By Clara Keane | December 7, 2017 | #WeAreArtTherapists
The AATA is very pleased to introduce our new Board President as this week’s Featured Member. She shares her vision for the Association and some of her personal passions in the interview below.
Christianne Strang PhD, ATR-BC, was sworn in as Board President of the American Art Therapy Association on November 11, 2017. Dr. Strang has 30 years of clinical art therapy experience and currently provides art therapy services to individuals in treatment for anorexia and bulimia. She is also a research instructor in the Department of Psychology at the University of Alabama at Birmingham (UAB), where she teaches graduate and undergraduate courses in behavioral neuroscience, developmental neuroscience and introduction to creative arts therapies. Prior to serving as Board President, Strang served as the Treasurer for the American Art Therapy Association (2008-2012) and the Art Therapy Credentials Board (1999-2004).
Dr. Strang’s academic research is focused on the role of neurotransmitter receptors in visual processing and how that processing is affected in Alzheimer’s disease. She enjoys spending three weeks every summer co-directing a neuroscience immersion course at the Dauphin Island Sea Lab. She took the same course herself as a UAB student in 1998. For more of Dr. Strang’s professional bio, visit UAB’s website.
When asked about why art therapy is effective, Strang answers, “There are so many things: It bypasses the cognitive messages and habits, identifies and reinforces new ways of thinking and interacting, builds healthier habits and patterns of behaving, and provides the opportunity to develop and explore relationships in new ways.” She adds, “It provides an outlet for wordless experiences or for those things that words cannot adequately explain and allows for powerful experiences to be shared, witnessed and communicated in a way that leaves a record for both the client and the witness(es).”
We asked Dr. Strang a few questions to get to know her better:
What are your top priorities as President?
- To approach governance with the goals of looking at how and why we do things the way we do; I hope to make sure we are following best-practice instead of old habits.
- Enhancing communication and building relationships – both within the board and between the board and the membership.
- Supporting advocacy for art therapy licensure, insurance reimbursement, and research.
What are your thoughts about the opportunities and challenges facing the art therapy community today?
We have the opportunity to share our profession and advocate for our mission, our vision, and our values with an unprecedented number of people–including the general public, federal agencies, and national non-profit organizations. Leveraging this opportunity will allow the AATA to support art therapists, to continue to increase the depth and breadth of art therapy services, and, by extension, to increase support of our clients–who stand at the core of our work.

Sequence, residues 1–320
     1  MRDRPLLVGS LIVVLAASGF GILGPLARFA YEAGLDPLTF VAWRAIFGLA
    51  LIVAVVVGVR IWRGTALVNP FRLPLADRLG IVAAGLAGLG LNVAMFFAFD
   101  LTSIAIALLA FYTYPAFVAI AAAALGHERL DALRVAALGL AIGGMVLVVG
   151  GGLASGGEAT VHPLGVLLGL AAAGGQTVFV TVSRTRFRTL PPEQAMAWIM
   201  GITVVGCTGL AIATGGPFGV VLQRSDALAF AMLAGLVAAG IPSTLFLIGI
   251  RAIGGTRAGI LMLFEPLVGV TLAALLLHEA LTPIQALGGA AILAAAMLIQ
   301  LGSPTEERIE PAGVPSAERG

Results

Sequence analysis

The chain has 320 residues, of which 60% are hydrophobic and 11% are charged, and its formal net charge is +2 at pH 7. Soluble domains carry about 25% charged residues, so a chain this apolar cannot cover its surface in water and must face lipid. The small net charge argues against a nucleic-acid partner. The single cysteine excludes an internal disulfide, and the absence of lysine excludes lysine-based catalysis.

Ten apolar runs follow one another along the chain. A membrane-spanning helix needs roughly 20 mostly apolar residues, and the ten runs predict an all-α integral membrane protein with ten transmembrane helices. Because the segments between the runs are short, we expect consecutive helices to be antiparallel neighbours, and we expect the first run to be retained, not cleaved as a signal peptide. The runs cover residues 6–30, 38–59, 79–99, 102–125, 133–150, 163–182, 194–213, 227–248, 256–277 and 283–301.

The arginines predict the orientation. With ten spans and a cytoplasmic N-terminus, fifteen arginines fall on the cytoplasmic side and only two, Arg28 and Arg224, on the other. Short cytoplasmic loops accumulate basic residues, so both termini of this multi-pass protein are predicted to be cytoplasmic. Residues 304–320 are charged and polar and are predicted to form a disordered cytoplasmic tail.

We hold our mission and values dear, not only because they are a legal obligation, but because they underpin our profession. Successful advancement of our mission requires the development of AATA-driven initiatives to ensure that the Association is the voice of art therapy and to build public awareness about how members (and nonmember art therapists) provide life-changing mental health services within our values and ethics.
Was there a memorable experience you had as President-Elect that changed your perspective or confirmed something you already knew?
Not one experience, but many times, over and over. I am reminded that when I truly listen, and hear, that is when I learn the most – even if it is difficult. I think that we can appreciate the humanness of all of us, especially in these polarized times, if we take the time to listen to and connect with each other, even when we disagree.
Granted any technological (and monetary) resources necessary, what research question would you ask and explore?
I’m an unrepentant nerd. I would love to research and understand the connection between processes involved in art making and the mechanisms by which those processes affect the nervous system and our emotional states. For example, we’ve all seen instances when creating an image of fear serves to alleviate that fear and can lead to the reduction of fear or anxiety on a long term basis. How does that happen? We know the brain structures involved in fear learning, how the sympathetic nervous system is activated during fear, and how cognitive processing can affect (for better or worse) the fear state. We know the brain structures involved in visual perception, and we know how deliberate movement is initiated. What we don’t know is how they all come together in art therapy. I’d like to better understand the mechanisms by which making art in art therapy can result in long-term individual change.